Clyde Wesley Creech Sr.

This is the statement of the Idaho Delaware Indians to the Senate Select Committee on Indian Affairs made by Clyde Wesley Creech Sr. on January 14, 1980.

Mr. Chairman and honorable members of the committee:

My name is Clyde Wesley Creech Sr. I live in Boise, Idaho and am here representing The Delaware’s of Idaho, Inc. for which I serve as a member of the Tribal Council. My uncle, Arthur A. Creech, who is chairman of the Tribal Council of the Delaware’s of Idaho, Inc. is here with me and joins me in this statement. Also with me is our Washington D.C. Attorney, Mr. Robert H. Hunt of the Firm Hudson & Creyke, which serves as co-council with our Idaho attorney, Mr. W. Anthony Park, of the firm of Park & Meuleman, Chartered in Boise.

The Delawares of Idaho, Inc. is a non-profit corporation, the members of which are Delaware Indians comprising approximately 200 in number. The majority of the tribe live in the State of Idaho but younger members are also located in the States of Oregon, Washington, Nevada, Montana, Texas, Oklahoma and California. They have gone there seeking employment.

The Delawares of Idaho, Inc. was incorporated in the State of Idaho in January 1978. Prior to the incorporation of the group, it had existed as a loosely knit band of Delaware Indians. The ancestors of the members of the group (and indeed, some of the older members who are still living) migrated from Oklahoma many years ago to the northwestern states.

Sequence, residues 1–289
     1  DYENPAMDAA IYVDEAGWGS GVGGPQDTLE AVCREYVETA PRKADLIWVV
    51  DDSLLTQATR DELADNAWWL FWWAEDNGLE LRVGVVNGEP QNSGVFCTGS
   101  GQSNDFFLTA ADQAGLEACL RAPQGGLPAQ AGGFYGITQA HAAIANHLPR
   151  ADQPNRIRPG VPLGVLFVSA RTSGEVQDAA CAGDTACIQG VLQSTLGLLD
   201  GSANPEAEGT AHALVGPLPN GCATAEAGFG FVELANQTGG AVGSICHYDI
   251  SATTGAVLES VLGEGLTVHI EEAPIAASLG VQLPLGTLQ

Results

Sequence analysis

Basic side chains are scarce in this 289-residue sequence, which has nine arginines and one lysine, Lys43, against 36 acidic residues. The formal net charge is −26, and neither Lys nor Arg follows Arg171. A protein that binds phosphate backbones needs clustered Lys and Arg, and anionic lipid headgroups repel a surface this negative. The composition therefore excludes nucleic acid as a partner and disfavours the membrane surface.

The Delawares of Idaho have been diligently seeking two main objectives. (1) certification as a federally recognized Indian tribe of the United States of America; and (2) that its members, all of whom are descendants of the same Delaware Indians who entered into the Delaware Treaty of 1866 with the US Government, be designated to share in funds appropriated by congress for distribution to Delaware Indians in redress of past wrongs inflicted upon the Delaware’s generally by the U.S. Government.

Although those efforts to date have been unsuccessful, the Delawares of Idaho, Inc. believe that they should be entitled both to tribal certification and to share in any funds presently being considered by the Congress of the United States for appropriation to Delaware Indians, for the following reasons:

All of the members of the Delawares of Idaho, Inc. trace there Indian blood directly to four common Indian ancestors named Rebecca Lucas, William Marshall, Lucinda Marshall and Francis Marshall, all four of whom appear on the 1867 Pratt’s Registry of Delaware Indians. The 1867 Pratt’s Registry is the “Register” referred to in section 1 of S1466; persons who are descended from a lineal ancestor whose name appears on the “register” are eligible for enrolment under S 1466. Rebecca Lucas is listed as entry No. 638, Allotment No. 929, on the Pratt registry. Rebecca Lucas’ daughter, Lucinda Marshal, appears on the same roll as Entry 310, Allotment 928, along with her husband William Marshal Entry No. 399, Allotment No. 333. Copies of pertinent portions of the Pratt Registry are included as Exhibits “A” and “B”. The originals may be found in the national Archives in record group 75.